Lionel Messi’s flame may be fading but the memories will never diminish
Barcelona great turns 32 on Monday but his place in the popular imagination is assured
Lionel Messi in action for Argentina during their Copa America clash with Paraguay. Photograph: Yuri Edmundo/EPA
Lionel Andres Messi is 32 today. The little maestro made his Barcelona first-team debut at 16 so has spent half his life competing at the top level. He continues to be a phenomenon. But 32 candles on the cake means Messi’s best is surely gone.
Since that best entitles him to be regarded as perhaps the game’s finest ever player, acknowledging how even Messi can’t swerve time is hardly enough to spoil any birthday celebration.
Just as Pele is popularly recalled in the 1970 World Cup rather than limping to retirement with New York Cosmos, or Maradona is always remembered for that goal against England rather than his subsequent grotesque self-destruction, Messi’s status is already firmly in the popular consciousness.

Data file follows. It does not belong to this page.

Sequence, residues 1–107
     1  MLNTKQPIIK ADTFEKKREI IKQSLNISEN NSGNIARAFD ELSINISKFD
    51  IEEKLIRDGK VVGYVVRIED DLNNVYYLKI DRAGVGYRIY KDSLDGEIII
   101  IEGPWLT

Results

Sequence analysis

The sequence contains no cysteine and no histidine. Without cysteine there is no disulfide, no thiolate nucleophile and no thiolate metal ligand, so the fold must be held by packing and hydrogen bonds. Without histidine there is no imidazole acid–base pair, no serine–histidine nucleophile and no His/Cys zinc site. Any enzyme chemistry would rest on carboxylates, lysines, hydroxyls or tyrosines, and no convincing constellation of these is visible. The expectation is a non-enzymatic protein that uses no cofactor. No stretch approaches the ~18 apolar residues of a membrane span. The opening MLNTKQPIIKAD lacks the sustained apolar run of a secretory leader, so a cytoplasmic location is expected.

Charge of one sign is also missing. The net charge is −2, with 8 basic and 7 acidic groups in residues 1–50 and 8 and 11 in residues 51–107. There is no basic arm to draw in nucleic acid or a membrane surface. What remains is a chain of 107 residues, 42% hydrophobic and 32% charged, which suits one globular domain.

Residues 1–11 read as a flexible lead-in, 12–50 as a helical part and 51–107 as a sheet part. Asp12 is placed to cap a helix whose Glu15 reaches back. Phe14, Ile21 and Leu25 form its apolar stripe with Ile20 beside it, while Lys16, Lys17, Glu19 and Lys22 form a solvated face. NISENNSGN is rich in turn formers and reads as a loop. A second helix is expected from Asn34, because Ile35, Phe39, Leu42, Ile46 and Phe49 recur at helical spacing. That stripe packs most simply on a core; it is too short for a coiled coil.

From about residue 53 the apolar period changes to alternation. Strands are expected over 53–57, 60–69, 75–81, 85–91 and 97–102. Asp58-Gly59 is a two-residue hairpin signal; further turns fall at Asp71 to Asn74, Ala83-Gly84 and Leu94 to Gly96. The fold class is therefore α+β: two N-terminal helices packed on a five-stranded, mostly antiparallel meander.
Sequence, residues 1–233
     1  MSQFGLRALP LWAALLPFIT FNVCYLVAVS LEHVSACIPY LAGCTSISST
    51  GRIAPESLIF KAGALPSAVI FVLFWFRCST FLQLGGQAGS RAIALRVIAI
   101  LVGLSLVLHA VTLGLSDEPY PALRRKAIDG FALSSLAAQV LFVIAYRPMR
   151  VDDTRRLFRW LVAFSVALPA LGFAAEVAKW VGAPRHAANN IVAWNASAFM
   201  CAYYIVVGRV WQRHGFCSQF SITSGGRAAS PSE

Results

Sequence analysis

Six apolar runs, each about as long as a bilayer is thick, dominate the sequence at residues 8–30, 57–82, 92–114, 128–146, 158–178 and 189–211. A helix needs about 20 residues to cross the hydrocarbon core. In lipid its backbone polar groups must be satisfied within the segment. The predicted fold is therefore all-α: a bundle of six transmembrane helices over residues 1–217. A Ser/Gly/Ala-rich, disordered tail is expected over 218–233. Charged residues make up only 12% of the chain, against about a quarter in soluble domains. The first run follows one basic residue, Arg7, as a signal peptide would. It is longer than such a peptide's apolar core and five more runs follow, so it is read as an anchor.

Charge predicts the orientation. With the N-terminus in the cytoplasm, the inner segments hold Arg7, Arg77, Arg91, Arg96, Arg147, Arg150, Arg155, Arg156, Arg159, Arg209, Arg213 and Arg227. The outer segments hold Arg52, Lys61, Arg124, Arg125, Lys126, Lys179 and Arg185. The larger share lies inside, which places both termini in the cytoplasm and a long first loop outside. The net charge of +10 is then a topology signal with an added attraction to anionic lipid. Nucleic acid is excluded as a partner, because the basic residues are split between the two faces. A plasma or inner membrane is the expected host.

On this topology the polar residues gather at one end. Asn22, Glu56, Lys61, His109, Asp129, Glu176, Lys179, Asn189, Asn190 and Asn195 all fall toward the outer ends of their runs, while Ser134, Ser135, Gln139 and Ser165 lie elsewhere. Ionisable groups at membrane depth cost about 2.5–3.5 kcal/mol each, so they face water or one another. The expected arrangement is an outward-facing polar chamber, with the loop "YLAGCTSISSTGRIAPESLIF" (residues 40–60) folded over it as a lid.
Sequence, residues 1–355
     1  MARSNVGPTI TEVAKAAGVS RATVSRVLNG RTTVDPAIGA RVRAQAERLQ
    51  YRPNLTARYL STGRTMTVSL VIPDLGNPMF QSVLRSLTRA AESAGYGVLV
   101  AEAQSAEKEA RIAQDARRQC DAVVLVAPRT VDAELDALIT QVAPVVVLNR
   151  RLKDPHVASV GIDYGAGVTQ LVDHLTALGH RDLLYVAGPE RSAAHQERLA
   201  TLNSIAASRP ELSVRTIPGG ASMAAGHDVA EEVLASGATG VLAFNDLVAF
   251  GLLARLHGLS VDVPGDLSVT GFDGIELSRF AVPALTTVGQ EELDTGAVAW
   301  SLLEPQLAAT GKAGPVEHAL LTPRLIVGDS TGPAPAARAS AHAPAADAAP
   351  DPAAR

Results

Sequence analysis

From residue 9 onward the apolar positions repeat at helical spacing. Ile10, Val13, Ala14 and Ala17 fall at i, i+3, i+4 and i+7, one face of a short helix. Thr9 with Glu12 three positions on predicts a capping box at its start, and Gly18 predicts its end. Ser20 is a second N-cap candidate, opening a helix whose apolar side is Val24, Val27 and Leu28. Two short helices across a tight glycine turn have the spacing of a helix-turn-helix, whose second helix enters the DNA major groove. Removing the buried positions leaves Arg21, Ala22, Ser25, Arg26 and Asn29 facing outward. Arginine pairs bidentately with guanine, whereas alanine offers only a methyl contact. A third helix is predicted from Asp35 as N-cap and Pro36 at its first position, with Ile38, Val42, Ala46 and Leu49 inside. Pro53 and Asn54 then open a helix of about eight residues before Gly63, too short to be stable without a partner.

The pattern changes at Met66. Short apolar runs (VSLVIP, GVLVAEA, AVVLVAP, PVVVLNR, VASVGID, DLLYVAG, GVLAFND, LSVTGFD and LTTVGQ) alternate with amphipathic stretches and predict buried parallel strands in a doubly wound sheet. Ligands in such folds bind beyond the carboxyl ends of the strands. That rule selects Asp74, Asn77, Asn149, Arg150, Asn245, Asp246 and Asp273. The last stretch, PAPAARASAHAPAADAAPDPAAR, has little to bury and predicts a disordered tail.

He will always be the tiny figure with a ball seemingly tied to his feet, reducing opponents twice his size to bemusement, like he did against a stunned Getafe side when 19 and playing with a freedom that suggested a kid a lot younger.
That since then Messi has combined that outrageous skill with a capacity to bend even the most high-profile game to his athletic and imaginative will has become one of the great sporting wonders of our time.
Engaging in debate about whether or not the body of work he has committed to popular memory makes him the best ever is a futile exercise, one that usually says more about the prejudices of various advocates rather than any ambition towards a definitive answer.
Such answers are impossible whatever the sport. At Royal Ascot last week Frankie Dettori’s flamboyant brilliance had one happy winning trainer declaring him superior to Lester Piggott, a statement that had fans of the ‘Long Fellow’ spluttering into their champagne.
If such jockey judgements often come via the pocket then soccer’s are just as susceptible to sentiment.